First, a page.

If Parrott loses, it will be because too many forces in the universe lined up against her. Ellis has won the repeated support of The Dallas Morning News editorial page, who fault Parrott for not supporting DISD superintendent Michael Hinojosa's reform measures. In its endorsement of Ellis, the paper's op-ed board also characterized her as misinformed and part of the problem. Other than that, they love her. "It would be unfair to blame all of the district's problems on one trustee, but it would be equally unfair to students and taxpayers to keep electing defenders of the status quo," read the editorial.
In addition to Parrott's pelts from the old media, the sharp, biting blog run by Allen Gwinn, which is not affiliated with the district in any way and would like to drop a cluster bomb on the entire trustee-teacher's union-industrial complex, has basically declared a fatwa against her and Ron Price. A certain segment of Dallas, and tomorrow we'll find out if they've amplified their discontent through the online echo chambers or if they really are more than just a bunch of underemployed bloggers in pajamas, think of Parrott and Price as rusty relics of DISD's corrupt and bumbling bureaucracy and want Hinojosa to have a loyal slate of trustees on his side as he tries to rid the district of its considerable waste. (To wit, the district spends more money on legal fees than New York City.)
In response, the Parrott camp have tried to stress its loyalty to Hinojosa even as the incumbent has not marched in lock-step with his ideas. As a business owner and outsider, Ellis can probably cast her self as the more credible agent of change. There are rumblings here and there that Hinojosa and several of Parrott's colleagues on the board are quietly supporting Ellis. At the very least, Hinojosa wasn't afraid to tell the News that Parrott's characterization of him as being against merit pay for principals "would not be accurate."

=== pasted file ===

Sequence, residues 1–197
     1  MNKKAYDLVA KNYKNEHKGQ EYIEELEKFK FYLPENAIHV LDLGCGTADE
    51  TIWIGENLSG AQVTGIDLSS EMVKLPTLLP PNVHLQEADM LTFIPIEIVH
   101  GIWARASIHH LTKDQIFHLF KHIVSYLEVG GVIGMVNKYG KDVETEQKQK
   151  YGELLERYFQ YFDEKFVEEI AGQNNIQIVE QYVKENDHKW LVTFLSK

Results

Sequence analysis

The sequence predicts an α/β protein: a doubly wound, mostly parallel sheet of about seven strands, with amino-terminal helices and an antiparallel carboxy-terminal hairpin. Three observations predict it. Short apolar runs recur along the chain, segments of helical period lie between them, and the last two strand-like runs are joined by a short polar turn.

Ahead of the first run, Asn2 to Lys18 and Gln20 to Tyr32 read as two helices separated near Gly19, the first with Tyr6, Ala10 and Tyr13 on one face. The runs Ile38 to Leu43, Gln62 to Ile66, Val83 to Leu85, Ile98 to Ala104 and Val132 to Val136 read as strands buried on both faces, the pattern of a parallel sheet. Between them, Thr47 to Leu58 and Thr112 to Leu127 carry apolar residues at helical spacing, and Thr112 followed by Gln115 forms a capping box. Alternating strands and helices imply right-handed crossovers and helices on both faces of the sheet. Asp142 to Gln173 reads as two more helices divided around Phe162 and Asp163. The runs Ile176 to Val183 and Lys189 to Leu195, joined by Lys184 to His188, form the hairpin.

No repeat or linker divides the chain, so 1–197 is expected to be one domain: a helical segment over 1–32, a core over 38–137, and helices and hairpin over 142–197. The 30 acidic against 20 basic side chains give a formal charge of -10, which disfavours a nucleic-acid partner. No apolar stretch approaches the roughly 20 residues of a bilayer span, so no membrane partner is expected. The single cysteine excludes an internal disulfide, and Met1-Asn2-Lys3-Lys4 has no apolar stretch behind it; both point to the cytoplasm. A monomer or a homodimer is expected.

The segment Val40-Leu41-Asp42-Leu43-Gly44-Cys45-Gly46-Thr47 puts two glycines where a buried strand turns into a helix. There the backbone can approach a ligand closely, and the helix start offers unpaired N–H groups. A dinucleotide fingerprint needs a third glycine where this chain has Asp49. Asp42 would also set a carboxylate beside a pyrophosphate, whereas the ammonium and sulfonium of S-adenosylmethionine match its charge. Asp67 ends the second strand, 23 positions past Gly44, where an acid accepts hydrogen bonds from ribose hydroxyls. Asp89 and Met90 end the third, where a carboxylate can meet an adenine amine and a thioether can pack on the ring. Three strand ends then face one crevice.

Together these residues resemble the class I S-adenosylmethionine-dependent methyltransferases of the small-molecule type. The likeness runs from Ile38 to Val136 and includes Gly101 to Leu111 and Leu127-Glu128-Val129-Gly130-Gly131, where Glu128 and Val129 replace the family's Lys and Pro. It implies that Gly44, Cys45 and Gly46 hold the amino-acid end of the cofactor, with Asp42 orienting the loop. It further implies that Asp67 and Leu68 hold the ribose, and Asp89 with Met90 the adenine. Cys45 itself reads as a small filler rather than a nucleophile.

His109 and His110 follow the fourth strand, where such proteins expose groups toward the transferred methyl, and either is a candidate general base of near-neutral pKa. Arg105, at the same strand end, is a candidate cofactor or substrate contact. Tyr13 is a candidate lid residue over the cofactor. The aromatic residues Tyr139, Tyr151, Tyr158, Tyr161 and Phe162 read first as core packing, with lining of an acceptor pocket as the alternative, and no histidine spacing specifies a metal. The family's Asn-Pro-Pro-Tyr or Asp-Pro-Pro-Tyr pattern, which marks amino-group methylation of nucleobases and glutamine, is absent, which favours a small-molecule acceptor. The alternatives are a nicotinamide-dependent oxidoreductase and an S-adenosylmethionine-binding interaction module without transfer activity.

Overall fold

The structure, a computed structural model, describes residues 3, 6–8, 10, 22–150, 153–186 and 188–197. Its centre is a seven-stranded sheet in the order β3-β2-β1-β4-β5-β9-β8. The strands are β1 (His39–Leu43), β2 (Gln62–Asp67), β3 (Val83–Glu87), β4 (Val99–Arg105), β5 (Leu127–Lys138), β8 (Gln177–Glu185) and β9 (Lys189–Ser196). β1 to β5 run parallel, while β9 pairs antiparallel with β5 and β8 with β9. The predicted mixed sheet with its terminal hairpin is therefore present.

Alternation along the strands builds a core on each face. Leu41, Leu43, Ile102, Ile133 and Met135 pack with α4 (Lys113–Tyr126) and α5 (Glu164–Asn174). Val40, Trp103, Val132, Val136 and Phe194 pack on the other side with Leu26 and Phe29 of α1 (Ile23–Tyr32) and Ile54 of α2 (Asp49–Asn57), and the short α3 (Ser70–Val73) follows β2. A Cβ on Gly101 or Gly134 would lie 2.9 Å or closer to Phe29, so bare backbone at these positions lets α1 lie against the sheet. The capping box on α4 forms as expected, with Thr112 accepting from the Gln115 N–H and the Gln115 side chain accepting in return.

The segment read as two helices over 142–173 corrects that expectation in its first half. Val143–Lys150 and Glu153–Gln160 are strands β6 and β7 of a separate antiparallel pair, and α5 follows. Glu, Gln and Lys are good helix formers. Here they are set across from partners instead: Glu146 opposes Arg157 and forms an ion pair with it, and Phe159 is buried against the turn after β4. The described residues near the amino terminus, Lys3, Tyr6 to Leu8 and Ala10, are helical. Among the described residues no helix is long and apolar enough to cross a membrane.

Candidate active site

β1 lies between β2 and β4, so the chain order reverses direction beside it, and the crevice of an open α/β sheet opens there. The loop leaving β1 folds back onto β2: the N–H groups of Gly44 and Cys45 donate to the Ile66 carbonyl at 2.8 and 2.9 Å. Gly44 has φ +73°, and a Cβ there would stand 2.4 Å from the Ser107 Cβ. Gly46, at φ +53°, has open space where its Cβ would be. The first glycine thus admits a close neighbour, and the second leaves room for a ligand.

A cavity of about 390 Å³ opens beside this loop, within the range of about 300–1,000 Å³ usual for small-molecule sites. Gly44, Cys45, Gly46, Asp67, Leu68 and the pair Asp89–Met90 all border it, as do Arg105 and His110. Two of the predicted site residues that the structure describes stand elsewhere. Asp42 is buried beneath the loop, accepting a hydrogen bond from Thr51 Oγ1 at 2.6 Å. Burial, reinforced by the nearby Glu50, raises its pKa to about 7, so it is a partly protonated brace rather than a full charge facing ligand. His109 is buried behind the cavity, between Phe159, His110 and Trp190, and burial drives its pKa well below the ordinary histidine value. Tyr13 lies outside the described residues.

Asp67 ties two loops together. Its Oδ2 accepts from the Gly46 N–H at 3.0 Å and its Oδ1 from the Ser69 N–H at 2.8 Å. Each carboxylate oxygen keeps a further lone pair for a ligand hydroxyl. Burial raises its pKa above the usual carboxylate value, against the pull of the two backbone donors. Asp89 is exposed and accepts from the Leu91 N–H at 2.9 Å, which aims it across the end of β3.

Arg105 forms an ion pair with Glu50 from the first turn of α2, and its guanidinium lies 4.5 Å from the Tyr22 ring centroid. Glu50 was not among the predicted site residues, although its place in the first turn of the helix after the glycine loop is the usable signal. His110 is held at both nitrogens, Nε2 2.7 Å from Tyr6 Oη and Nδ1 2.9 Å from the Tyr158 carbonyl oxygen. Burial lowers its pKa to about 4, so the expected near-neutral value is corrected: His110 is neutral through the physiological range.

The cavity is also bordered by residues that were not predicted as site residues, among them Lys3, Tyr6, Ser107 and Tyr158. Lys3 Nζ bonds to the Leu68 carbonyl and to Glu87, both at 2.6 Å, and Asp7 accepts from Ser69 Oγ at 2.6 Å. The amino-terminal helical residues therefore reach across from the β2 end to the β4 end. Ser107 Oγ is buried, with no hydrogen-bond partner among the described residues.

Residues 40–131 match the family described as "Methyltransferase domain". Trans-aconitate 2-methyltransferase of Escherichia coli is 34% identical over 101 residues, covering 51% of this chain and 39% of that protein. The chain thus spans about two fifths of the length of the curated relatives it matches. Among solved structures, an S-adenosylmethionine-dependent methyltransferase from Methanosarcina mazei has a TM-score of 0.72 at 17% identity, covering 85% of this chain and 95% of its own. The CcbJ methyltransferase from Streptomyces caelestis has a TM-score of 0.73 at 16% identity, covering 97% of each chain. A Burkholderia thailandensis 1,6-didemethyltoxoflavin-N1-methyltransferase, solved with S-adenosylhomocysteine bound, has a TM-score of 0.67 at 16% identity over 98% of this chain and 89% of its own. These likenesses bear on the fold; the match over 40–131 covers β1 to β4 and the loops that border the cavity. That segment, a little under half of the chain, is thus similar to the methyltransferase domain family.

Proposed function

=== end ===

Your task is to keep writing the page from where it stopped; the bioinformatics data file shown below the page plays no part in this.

If this race is something of symbolic one for the district, it's also been plenty bizarre. The News' Kent Fischer deftly chronicled some of the weirdness last week. Writing about the losing lawsuit Parrott filed against the district over a contract with Edison Schools, he tried to have the incumbent give her side of the story. "I would not talk about that legal stuff because you wouldn't understand it," she replied. Nice.
Fischer also wrote how Parrott's husband, Bruce, is basically serving as a shadow trustee and in turn made local PTA president Cheryl Herman cry over a candidate forum at Bryan Adams High School. Brill O'Brien, Parrott's hard-working campaign manager, spun it thusly: "Cheryl Herman cries very easily. She cries all the time."
I can't pass it up: It cuts like a knife. And if feels so right. --Matt Pulle